It hasn't been a good week for Mitt Romney. He fell on his face during last week's debates in South Carolina and ended up losing that state's primaries. He has become the focus of even his own party's ire for his extraordinary wealth and privilege. He picked a particularly bad day yesterday to release his tax returns, which revealed a slightly lower tax rate than the already low rate he was assumed to be paying -- on the day that the president was introducing tax fairness as a central issue in the 2012 presidential campaign.
And so far, anyway, the former governor has shown no capacity at all to adjust his framing of his position in life to the clear realities of the 2012 campaign.
The growth in economic inequality and wealth concentration in America has become an ever more incontrovertible fact. Thanks in substantial measure to Occupy Wall Street, wealth distribution has made its long overdue entry into the mainstream of American political discourse. In response, Republicans in general and Mitt Romney in particular have fallen back on a single, simple "insight" to explain the traction of wealth distribution as a galvanizing political issue: envy.
In a recent interview, NBC's Matt Lauer asked Romney whether "anyone who questions the policies and practices of Wall Street and financial institutions, anyone who has questions about the distribution of wealth and power in this country is envious? Is it about jealousy or fairness?"
Romney had a chance to acknowledge that it was some of both, before settling into his standard line about the president stoking the politics of divisiveness. Instead, he argued that "it was about envy," full stop. When Lauer pressed him, asking whether questions about the distribution of wealth could be legitimate, Romney -- no doubt believing he was responding magnanimously -- finally demurred and said, "I think it's fine to talk about those things in quiet rooms ..." The exchange was an extraordinary one, a perfect storm of Romney's unexamined entitlement and a party that is desperate to ascribe base moral motives to its opponents to cover its own utterly denuded moral vision.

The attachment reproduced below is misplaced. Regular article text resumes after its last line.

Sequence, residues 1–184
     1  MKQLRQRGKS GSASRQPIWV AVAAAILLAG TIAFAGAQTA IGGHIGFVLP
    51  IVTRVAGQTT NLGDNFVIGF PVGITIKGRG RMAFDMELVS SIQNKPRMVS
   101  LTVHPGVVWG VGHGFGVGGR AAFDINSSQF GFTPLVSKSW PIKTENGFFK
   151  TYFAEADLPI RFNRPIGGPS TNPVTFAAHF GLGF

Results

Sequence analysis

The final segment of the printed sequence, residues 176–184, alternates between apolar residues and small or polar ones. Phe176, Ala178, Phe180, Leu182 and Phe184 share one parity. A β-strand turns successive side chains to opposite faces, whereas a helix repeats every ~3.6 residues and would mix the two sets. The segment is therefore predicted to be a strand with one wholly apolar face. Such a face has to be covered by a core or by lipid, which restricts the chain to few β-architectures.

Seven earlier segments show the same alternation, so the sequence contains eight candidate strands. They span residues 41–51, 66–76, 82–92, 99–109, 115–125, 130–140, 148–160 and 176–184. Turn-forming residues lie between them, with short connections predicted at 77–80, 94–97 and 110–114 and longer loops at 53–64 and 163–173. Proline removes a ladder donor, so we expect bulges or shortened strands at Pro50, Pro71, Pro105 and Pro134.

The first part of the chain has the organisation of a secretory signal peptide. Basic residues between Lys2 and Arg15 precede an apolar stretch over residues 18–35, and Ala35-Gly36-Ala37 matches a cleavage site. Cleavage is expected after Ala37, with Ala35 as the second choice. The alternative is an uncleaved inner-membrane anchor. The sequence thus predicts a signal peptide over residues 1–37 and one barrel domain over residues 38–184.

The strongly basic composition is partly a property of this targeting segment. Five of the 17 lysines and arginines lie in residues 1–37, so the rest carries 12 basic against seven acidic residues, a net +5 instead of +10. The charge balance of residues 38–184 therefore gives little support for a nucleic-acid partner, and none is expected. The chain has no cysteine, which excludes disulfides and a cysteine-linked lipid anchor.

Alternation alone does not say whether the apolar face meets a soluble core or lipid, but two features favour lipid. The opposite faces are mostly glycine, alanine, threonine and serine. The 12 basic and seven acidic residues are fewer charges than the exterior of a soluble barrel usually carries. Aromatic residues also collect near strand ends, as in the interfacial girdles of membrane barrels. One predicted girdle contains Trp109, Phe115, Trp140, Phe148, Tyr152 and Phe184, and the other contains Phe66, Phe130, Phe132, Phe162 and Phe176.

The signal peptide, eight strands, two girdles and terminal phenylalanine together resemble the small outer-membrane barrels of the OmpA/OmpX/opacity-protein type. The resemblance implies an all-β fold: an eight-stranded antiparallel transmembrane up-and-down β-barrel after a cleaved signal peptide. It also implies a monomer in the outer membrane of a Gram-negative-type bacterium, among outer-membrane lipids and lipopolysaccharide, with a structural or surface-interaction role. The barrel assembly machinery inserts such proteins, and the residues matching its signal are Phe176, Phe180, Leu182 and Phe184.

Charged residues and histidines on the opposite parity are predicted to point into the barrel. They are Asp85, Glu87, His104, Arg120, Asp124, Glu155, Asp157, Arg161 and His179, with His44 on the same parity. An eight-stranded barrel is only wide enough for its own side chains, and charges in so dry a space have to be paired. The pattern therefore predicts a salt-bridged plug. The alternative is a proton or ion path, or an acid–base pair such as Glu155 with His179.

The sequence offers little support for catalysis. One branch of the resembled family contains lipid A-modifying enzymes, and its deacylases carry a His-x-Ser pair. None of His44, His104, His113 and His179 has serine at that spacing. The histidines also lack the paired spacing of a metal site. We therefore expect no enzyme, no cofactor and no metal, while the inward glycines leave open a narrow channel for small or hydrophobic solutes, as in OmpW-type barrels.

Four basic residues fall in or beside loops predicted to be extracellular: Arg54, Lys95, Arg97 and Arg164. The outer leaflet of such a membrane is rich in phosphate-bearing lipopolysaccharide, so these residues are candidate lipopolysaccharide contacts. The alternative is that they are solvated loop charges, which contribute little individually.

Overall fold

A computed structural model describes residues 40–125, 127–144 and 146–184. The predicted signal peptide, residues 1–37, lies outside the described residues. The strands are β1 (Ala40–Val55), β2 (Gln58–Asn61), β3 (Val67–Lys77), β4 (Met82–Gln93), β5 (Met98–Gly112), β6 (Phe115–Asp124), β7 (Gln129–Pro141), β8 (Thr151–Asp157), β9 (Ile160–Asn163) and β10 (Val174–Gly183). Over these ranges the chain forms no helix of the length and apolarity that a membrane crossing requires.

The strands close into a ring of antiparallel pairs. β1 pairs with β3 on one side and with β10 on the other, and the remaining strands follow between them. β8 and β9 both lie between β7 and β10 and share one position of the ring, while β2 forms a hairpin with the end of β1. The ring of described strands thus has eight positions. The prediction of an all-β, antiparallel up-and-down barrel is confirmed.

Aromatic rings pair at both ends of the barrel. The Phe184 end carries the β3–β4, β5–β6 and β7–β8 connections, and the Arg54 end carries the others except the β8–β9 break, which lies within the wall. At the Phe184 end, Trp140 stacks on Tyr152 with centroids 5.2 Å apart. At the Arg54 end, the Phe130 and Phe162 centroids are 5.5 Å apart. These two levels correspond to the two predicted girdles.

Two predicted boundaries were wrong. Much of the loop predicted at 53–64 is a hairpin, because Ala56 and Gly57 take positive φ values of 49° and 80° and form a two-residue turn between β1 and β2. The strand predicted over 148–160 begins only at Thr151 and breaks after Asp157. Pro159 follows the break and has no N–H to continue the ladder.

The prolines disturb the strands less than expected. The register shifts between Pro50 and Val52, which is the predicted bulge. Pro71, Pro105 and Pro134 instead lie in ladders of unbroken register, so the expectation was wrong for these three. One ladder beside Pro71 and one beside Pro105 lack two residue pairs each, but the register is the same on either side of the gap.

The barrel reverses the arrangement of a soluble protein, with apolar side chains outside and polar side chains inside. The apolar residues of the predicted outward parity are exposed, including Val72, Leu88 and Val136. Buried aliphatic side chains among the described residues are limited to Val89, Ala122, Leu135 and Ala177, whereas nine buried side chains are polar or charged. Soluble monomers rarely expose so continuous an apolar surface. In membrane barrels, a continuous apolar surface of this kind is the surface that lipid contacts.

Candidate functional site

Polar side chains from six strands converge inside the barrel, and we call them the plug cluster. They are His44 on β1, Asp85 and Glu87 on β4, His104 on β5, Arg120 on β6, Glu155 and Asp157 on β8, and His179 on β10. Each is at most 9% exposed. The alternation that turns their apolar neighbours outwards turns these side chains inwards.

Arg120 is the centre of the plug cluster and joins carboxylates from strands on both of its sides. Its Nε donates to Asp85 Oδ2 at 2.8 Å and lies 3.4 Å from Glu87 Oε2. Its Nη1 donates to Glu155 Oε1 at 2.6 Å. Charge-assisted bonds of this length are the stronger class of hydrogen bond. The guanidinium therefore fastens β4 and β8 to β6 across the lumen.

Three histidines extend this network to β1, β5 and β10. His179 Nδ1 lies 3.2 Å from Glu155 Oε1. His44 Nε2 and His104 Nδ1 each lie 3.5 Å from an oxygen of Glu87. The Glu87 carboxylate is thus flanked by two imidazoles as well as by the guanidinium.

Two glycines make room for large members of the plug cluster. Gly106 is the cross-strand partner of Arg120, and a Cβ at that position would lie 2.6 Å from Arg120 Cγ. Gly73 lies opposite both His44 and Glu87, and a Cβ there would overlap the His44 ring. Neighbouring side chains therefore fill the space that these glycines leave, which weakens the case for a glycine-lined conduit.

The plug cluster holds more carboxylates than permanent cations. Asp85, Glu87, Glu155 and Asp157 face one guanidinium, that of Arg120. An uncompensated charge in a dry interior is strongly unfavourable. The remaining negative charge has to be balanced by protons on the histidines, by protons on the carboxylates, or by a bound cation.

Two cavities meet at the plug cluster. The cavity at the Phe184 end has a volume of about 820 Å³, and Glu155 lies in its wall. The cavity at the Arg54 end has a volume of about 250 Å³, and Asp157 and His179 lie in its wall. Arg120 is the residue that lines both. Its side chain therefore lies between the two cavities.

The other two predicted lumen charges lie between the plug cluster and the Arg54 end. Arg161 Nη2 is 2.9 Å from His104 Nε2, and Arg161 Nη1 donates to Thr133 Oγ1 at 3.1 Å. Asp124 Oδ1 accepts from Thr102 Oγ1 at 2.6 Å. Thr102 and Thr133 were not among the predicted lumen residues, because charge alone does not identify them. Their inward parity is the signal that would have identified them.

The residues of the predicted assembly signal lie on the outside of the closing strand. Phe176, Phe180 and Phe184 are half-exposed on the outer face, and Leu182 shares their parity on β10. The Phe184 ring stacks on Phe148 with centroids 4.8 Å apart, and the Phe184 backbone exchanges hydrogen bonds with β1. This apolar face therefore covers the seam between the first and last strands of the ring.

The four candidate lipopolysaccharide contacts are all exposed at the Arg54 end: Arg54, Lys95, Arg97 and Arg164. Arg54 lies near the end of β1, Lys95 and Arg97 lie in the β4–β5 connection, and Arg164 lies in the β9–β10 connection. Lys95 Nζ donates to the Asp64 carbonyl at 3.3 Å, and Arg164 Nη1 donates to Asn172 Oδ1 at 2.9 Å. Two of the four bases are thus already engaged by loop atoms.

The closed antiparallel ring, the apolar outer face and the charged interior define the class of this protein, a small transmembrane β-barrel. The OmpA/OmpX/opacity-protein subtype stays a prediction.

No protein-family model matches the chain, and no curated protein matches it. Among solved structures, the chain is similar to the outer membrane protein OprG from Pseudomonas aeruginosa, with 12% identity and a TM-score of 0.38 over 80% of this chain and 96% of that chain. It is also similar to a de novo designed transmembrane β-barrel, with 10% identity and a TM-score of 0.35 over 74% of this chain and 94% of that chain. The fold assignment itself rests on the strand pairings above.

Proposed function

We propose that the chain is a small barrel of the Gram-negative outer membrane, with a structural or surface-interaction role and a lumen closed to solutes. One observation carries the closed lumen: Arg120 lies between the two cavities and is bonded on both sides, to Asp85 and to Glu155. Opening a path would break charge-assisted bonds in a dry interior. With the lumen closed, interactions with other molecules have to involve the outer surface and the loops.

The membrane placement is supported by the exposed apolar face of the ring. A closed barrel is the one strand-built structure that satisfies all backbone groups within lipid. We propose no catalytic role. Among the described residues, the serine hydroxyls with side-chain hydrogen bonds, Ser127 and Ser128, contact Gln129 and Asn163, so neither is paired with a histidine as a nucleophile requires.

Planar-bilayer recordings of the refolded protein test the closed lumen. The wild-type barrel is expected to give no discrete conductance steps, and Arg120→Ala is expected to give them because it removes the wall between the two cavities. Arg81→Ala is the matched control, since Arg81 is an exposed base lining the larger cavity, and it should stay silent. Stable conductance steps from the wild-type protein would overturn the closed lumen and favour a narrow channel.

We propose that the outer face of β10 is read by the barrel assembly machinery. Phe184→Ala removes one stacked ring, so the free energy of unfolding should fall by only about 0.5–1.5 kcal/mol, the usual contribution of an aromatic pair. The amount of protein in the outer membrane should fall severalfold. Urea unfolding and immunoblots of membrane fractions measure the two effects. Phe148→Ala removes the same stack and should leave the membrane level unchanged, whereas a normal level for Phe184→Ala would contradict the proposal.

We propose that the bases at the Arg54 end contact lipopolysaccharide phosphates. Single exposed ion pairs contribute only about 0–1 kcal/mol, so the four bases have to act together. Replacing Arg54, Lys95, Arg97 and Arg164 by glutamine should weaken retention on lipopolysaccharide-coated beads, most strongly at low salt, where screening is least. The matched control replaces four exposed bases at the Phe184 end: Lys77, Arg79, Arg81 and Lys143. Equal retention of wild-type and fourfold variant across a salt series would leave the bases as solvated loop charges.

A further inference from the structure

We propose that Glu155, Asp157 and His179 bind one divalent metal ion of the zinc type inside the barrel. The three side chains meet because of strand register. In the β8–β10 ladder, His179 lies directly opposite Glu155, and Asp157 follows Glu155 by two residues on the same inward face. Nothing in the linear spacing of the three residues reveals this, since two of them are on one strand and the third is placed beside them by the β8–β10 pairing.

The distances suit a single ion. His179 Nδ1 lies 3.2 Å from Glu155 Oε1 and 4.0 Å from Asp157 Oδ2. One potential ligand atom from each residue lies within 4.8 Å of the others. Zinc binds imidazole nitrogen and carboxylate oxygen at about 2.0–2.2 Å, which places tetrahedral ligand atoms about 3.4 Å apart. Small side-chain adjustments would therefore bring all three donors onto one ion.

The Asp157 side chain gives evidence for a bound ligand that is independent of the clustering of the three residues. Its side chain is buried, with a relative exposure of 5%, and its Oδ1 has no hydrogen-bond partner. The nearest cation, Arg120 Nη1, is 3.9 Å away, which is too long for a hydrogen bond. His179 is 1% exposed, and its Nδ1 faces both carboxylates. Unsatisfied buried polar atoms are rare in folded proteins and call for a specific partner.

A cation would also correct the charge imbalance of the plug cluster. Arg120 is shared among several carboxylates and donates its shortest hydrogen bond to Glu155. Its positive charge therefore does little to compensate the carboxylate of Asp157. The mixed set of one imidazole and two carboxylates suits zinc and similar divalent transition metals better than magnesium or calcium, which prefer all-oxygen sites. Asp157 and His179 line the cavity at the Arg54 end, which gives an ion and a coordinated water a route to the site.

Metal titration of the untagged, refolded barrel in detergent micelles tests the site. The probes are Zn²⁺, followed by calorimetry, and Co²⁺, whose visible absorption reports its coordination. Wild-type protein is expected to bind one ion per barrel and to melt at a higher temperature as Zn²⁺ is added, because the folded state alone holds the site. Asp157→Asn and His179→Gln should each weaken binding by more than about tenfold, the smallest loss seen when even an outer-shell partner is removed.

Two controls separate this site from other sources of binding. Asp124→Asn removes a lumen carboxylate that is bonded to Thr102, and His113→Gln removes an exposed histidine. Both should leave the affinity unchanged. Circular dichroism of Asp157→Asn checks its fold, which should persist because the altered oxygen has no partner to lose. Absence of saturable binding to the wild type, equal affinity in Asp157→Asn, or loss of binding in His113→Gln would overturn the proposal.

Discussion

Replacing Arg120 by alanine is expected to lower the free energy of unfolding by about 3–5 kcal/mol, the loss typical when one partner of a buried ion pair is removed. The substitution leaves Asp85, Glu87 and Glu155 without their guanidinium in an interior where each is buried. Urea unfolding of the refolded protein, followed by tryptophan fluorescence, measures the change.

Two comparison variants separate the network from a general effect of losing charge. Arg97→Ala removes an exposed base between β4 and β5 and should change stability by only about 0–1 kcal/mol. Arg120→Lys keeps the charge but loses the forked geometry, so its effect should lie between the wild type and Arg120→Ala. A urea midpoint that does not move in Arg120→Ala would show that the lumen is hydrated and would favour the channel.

As only one indicator of the extraordinary state of wealth concentration, by credible estimates the 400 richest Americans possess more wealth than the 155 million or so Americans who comprise the bottom half of wealth distribution in the United States. Tax rates on capital gains, estates and high incomes are dramatically lower than they were a generation ago. But today's GOP -- after decades of wealth concentration, median incomes that have flat-lined since 2000, chronic unemployment and growing insecurity for ordinary Americans -- isn't content with the status quo.
Every major GOP figure, including Romney, insists on doubling down by pushing for policies that further benefit the already wealthy, regardless of the consequences for the vast majority of Americans. Three common threads run through the typical GOP budgetary proposal nowadays, including Romney's: dramatically reduced taxes on the very rich and their estates; an increase, dramatic in some cases, in our long-term deficits; and, in an especially charming wrinkle, the possibility of increased taxes for large swaths of ordinary Americans.
It's not new that Republican leaders who are themselves the sons of privilege have whined about "class warfare" to defend policies that themselves represent a clear form of class warfare. The elder Bush, for example, regularly invoked the charge during the 1992 presidential campaign and condescendingly warned that when "they aim for the big guy, they usually end up hitting the little guy." But the degree to which today's GOP has embraced tax cuts for the wealthy über alles is breathtaking. And Romney's insistence on that monomaniacal policy goal reflects both his hermetically sealed privilege and his mindless embrace of Republican doctrine.